Secret Weapon

old_cincinnati_library_smallThis is a little story about the secret weapon of a specialist independent bookshop in London. It was shared with me by an individual passionate about books and life in general, and that alone means it’s worth relaying – but beneath lies an important statement about our future.

Today where most things are instant and short-term, where we consume online and read on smart devices, what chance has a small book shop against the giant online stores and discounters? There is not a single book in the store that customers cannot buy cheaper elsewhere.

But the store has a secret weapon. Her name is Claire. She works there and she knows most of the books that pass through the front door – her product knowledge, her people skills and service means people go back and buy again, having decided their loyalty means something to the bookshop.

People continue to make a difference, whether an independent bookshop or an enterprise that spans the globe. With automation on the increase, great people stand out more than ever. It’s about people – it always is.

PS. The little photo is the old public library of Cincinnati, with cast-iron book alcoves, spiral staircases several stories high and marble floors. Sadly it was demolished and the stunning building is worth remembering.

Fine Margins

I harp on about the importance data, how it is the oil of the twenty-first century, but here is a quick story about just how fine the margins have become.

At the end of a winter Olympics, one national team – renowned for its skiers – won zero gold medals. Post-event the management team sat down to undertake the deepest analysis based on all the data it could muster.

They figured out that with just a 5% improvement in performance, they would have won almost every gold medal they competed in. That level of competition represents just how tough the modern world is out there – and how fine the margins are between great success and miserable failure.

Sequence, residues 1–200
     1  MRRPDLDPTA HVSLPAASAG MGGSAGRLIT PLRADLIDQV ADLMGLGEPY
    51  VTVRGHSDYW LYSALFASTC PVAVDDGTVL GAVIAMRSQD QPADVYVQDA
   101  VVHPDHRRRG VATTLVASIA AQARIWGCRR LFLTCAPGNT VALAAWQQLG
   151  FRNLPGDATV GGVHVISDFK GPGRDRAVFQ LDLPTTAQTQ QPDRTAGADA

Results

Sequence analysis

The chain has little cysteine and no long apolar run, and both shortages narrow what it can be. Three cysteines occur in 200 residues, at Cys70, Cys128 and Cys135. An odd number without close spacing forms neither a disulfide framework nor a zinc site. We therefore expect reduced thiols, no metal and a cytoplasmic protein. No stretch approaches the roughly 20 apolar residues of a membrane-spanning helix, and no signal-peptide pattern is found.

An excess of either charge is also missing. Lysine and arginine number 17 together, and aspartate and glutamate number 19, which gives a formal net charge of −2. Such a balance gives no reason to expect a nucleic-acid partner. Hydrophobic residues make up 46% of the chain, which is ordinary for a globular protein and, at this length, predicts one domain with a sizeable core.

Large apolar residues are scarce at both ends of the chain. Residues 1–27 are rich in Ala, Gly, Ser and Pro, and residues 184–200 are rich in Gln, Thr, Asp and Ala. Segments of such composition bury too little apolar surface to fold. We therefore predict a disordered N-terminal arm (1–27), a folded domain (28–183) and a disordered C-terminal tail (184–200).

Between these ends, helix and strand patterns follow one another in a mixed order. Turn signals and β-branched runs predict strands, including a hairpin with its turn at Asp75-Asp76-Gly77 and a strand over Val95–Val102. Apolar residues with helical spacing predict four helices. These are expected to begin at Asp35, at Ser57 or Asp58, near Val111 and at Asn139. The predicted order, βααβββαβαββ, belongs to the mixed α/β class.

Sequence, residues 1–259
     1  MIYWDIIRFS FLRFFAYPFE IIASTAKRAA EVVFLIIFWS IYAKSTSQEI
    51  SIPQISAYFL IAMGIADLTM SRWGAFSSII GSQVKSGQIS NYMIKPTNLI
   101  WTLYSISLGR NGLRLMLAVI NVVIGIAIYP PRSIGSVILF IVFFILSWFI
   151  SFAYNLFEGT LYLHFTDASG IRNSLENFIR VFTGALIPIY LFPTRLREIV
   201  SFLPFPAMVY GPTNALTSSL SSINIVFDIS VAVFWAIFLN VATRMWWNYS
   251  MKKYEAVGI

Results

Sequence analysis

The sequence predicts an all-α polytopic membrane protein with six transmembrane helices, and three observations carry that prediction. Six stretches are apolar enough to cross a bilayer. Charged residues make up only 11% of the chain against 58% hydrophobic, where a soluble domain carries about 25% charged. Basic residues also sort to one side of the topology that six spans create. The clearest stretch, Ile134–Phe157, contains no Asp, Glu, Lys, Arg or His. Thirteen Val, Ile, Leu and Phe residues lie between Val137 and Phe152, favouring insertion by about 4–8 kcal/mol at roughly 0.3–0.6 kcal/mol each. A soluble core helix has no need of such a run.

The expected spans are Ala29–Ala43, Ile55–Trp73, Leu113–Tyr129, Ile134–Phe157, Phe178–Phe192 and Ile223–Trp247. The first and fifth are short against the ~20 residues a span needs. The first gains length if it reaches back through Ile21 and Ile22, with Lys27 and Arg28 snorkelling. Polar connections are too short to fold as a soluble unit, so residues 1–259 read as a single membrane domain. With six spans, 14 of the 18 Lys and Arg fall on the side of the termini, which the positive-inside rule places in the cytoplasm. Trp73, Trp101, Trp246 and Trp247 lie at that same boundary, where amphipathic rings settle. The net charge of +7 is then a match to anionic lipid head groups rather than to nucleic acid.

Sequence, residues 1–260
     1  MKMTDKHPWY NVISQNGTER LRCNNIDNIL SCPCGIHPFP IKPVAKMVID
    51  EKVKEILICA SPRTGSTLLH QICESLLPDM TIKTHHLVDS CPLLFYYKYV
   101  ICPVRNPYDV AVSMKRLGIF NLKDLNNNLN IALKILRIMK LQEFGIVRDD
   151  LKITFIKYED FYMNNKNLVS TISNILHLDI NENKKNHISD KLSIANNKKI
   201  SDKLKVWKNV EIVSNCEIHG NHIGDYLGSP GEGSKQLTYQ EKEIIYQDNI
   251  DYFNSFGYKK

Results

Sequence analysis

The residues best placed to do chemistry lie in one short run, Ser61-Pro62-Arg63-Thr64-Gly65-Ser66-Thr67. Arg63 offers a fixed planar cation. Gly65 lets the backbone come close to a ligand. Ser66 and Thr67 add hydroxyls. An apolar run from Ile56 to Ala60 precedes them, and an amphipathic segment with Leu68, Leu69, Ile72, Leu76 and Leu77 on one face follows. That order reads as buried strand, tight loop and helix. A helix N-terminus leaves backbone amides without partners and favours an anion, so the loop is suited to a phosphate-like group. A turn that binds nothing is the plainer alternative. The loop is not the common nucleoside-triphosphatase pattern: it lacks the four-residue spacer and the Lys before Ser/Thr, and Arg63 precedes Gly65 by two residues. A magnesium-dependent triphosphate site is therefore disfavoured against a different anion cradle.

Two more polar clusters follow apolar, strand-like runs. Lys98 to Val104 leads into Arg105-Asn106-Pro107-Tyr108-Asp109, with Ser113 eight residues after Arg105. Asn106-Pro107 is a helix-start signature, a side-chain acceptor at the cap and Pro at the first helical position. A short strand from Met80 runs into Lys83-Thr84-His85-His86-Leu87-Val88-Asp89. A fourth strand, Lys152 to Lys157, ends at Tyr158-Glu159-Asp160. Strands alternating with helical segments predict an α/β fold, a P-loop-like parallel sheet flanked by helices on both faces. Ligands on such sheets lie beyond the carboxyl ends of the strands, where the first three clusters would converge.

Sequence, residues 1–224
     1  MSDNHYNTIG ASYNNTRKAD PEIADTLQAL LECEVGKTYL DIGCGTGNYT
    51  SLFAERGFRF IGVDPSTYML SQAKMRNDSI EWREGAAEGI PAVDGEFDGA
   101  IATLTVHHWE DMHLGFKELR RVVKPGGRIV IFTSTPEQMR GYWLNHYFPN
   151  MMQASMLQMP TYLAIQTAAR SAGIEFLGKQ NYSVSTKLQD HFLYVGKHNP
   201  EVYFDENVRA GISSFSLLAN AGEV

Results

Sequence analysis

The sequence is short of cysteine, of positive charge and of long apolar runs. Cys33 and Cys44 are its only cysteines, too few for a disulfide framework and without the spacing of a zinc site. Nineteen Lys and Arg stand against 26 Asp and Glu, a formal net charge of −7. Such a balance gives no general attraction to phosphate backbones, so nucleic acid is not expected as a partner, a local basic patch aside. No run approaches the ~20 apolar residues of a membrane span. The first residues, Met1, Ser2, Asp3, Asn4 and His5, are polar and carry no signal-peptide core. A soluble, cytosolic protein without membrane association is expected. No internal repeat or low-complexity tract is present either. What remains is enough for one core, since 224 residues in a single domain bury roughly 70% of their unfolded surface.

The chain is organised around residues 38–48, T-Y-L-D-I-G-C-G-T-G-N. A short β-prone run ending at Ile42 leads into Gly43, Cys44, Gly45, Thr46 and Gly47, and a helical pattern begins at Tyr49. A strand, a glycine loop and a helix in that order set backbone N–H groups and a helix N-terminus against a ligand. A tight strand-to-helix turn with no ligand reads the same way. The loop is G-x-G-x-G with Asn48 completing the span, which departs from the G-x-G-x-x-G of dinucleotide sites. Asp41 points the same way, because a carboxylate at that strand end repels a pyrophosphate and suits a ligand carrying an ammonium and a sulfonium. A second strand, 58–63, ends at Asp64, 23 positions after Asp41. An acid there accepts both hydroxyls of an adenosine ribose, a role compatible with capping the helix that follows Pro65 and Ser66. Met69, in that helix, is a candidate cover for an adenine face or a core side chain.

What if I live to 100?

UBS adThe back page of the current Fortune magazine carried this advert (right) for UBS and it is worth underlining the impact of living for longer.

If we live to 100 in future, it is more than just savings plans and investments we will need to worry about. Very few will be able to retire and live off their savings for half a century, so how will we cope? We will most likely have a career that spans 60-years and have to learn new skills as generations change; furthermore cycles and trends of work mean where we start will in no way resemble how we finish working.

So as our knowledge and skills become redundant, we will have to update just to keep up. Education needs to start thinking today how to prepare future generations for such evolution – will a once in a lifetime education be the correct solution, surely not? The traditional college/university model was invented when our education would get you your first and last job, but our kids will hop from project to project as they see fit – choosing who they work for.

Because we live in a very dynamic society where people have lots of careers, where technology moves faster than we can keep up and whatever we learn expires very quickly, we need to ask if we are no longer faithful to one company or even one profession, why should we be faithful to one type of education at one institution, and at only one point in our lives?

People are our biggest problem

A lot is being written about robotics and the impact on the workplace, as well as the form and structure of tomorrow’s workforce.

I think we are all in agreement that technology is increasing the pace of innovation and forcing us to think differently: be more customer centric, open via multiple channels to customers, and collaborate more and differently. But what underpins this is that it is always people that companies need to drive that change – exceptional, creative people.

However placing an even greater responsibility on people means the pendulum can quickly swing from people as our greatest asset to our biggest problem. My Pearson colleague Andy Stockinger, Manager of our Product Strategy Team and I presented this at the eATP conference last week. Technology is impacting how we work and disrupting old ways of doing business, so people have to change too, but you can’t simply retrain staff – an organisation needs to think and operate differently, with an entirely new attitude.

With that comes changes to how people learn and how we assess their suitability for the job. We will need to understand how technology has changed their role day to day, and figure out how to reach them accordingly, most likely introducing learning as part of their daily work, integrating training-module updates at more regular intervals and in smaller bite-sized pieces; and then testing and assessment will follow suit, quite possibly taking place live in the workplace.